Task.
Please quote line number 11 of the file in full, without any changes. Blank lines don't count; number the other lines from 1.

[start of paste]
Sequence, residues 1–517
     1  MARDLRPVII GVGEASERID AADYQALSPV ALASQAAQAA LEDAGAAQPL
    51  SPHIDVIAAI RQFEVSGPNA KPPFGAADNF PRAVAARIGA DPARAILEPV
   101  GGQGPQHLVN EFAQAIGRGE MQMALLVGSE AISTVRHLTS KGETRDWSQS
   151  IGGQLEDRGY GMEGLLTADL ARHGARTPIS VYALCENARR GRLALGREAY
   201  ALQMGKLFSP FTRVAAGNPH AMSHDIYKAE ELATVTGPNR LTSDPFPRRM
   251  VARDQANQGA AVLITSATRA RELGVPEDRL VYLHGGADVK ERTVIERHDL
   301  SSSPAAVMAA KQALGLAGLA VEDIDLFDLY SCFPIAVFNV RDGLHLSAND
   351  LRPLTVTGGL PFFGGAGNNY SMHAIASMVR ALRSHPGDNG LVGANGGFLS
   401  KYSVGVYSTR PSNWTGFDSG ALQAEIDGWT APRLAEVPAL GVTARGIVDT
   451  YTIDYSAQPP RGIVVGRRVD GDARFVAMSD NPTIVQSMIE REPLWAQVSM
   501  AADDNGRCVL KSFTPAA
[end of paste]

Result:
   451  YTIDYSAQPP RGIVVGRRVD GDARFVAMSD NPTIVQSMIE REPLWAQVSM